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Worship: Norms and Exceptions

A healthy normal provides repetition and predictability—allowing the meaning-making character of ritual to do its work. The exceptional service, … stretching us, reminding us of God’s ability to work in surprising as well as regular ways.

Not long ago, I met with a student who was preparing to lead daily worship at Western Theological Seminary, where I oversee the chapel program. The student had looked through the half-dozen templates we use to guide their planning, but was unsatisfied. “I want to do something really different,” she said, “something creative.”

“Alright!” I said. “Let’s go! What do you have in mind?”

I think earlier in my ministry I might have responded with more initial skepticism at the impulse to do something “different.” That skepticism was born (and it admittedly sometimes nurtured in the present) by my sense that this impulse is too often born of an insufficient exploration of why a community worships in the normal way they do. Other times, the impulse is fueled by the high value this cultural moment places on everyone’s entitled right to personal self-expression. Such self-expression, I am convinced—especially individual artistic self-expression—needs to be disciplined to serve the purpose of worship.

I increasingly value a community’s ability to worship with both a robust and flexible “normal,” and with regular contrasting exceptions.

I have worshiped in communities where the value placed on creativity has meant that there is no normal—no patterns or predictability—where every service is different from the one before, an unsettling liturgical crapshoot. When this is the case, the community comes to worship (when it comes) full of anxiety about what might transpire. But I have also worshiped in communities where the normal patterns were rigidly enforced without the possibility of exception, where creativity was squelched, and contextual considerations were minimized. The “normal” became ossified, stagnant.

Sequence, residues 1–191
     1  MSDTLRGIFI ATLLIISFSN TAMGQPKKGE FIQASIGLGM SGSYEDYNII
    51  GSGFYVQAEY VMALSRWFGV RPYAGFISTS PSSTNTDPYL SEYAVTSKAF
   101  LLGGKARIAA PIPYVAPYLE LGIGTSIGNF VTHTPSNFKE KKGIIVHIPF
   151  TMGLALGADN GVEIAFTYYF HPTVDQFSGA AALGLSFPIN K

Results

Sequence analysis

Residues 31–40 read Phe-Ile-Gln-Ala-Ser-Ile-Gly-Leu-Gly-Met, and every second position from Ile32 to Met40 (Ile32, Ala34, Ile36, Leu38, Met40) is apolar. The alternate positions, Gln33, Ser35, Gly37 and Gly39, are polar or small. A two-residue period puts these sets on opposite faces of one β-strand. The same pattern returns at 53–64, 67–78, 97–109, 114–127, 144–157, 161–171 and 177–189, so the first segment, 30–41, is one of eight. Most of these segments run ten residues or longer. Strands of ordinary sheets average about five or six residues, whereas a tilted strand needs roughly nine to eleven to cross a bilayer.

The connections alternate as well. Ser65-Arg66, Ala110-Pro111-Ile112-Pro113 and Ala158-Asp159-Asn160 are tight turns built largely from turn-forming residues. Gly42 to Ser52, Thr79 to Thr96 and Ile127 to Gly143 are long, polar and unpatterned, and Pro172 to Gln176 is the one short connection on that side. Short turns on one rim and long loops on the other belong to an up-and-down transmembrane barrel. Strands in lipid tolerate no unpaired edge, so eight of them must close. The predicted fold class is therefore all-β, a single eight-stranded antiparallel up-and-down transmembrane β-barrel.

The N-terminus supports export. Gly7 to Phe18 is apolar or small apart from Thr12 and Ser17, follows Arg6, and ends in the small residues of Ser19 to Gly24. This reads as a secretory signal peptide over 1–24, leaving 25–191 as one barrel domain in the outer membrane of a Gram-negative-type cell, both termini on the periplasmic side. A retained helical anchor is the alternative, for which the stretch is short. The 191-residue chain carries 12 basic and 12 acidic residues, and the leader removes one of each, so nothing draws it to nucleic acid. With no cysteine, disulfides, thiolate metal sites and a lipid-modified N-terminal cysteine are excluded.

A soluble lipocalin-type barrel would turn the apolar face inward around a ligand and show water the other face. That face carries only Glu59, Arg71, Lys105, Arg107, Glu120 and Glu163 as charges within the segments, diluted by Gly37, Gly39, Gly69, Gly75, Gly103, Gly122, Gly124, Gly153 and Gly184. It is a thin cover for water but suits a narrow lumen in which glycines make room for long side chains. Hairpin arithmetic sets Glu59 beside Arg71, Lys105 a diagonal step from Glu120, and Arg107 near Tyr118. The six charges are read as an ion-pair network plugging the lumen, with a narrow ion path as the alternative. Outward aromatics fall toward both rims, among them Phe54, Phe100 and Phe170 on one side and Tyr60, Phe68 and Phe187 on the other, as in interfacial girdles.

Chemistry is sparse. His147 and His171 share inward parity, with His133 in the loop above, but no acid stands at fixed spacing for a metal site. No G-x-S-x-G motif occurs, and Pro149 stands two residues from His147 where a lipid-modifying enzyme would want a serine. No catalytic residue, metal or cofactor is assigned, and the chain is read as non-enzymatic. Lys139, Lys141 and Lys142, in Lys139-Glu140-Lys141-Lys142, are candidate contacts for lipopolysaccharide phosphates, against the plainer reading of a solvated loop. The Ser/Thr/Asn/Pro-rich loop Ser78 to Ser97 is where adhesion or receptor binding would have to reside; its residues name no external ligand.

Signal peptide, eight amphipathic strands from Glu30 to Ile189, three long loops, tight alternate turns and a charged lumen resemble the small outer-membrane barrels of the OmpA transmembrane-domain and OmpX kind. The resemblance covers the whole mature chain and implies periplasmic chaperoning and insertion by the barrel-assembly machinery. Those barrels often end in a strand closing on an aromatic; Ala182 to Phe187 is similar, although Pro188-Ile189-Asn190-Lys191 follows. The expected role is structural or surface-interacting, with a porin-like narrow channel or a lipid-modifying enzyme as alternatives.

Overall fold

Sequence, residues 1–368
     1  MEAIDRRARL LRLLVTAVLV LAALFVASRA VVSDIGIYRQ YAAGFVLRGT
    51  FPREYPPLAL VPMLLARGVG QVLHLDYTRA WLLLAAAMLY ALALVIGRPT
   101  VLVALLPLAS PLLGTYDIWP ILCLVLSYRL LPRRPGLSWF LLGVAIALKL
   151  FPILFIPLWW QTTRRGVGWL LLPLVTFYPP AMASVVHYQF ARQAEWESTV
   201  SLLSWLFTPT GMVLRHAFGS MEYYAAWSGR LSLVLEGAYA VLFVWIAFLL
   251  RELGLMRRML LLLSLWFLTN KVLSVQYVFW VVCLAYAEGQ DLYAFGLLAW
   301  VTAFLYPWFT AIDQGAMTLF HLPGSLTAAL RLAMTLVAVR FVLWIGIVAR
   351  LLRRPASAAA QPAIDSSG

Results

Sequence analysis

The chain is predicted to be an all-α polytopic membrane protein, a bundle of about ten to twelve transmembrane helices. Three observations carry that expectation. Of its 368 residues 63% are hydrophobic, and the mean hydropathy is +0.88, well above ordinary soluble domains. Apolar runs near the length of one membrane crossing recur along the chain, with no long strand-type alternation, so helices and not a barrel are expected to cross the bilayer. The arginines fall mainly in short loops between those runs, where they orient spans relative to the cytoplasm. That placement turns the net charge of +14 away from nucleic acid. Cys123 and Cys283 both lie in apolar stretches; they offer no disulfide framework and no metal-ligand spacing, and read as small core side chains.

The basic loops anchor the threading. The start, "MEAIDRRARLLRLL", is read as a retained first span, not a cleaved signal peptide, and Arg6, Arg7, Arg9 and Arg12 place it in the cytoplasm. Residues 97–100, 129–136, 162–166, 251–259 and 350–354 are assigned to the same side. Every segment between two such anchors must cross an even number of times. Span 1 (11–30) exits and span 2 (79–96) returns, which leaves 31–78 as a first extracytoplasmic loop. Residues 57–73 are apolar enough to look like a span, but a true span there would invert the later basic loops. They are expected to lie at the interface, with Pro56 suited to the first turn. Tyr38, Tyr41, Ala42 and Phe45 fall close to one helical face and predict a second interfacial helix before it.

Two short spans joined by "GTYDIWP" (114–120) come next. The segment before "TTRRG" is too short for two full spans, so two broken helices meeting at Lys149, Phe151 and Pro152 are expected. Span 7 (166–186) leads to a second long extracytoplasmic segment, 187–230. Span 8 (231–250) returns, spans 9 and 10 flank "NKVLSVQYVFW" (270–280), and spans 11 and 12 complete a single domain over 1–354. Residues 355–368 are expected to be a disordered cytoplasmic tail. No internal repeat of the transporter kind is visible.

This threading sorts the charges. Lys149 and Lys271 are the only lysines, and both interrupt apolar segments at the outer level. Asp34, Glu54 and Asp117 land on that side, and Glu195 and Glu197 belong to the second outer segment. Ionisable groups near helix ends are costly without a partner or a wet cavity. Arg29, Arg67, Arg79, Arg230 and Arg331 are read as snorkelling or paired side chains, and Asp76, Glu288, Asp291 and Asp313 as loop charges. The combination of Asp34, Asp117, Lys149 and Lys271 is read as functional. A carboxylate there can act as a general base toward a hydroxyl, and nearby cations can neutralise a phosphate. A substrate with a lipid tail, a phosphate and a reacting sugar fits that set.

Many liturgical traditions value both the ‘normal’ and the ‘exception’ at many levels. Some traditions speak about the “Ordinary” and the “Proper”—the former term referring to the liturgical components and texts that are fixed and invariable (at least in a given season), with the latter term referring to the bits that change year to year or season to season (scriptural texts read, songs sung, etc.) Likewise, the church calendar compels valuing both the normal Lord’s Day service and the occasional service that is quite different: Funerals and Weddings, Lessons & Carols at some point in December, special services on Ash Wednesday and Ascension Day. Some churches have occasional services of healing or prayer. This seems to me so wise. Lament, for example, should be a regular feature of our worship, but perhaps not a normal feature. We need to regularly lament—but it is not the primary and dominant aspect of most worship.

A healthy normal provides repetition and predictability—allowing the meaning-making character of ritual to do its work. The exceptional service, in relief, helps us to appreciate the regularity of the normal while at the same time stretching us, reminding us of God’s ability to work in surprising as well as regular ways.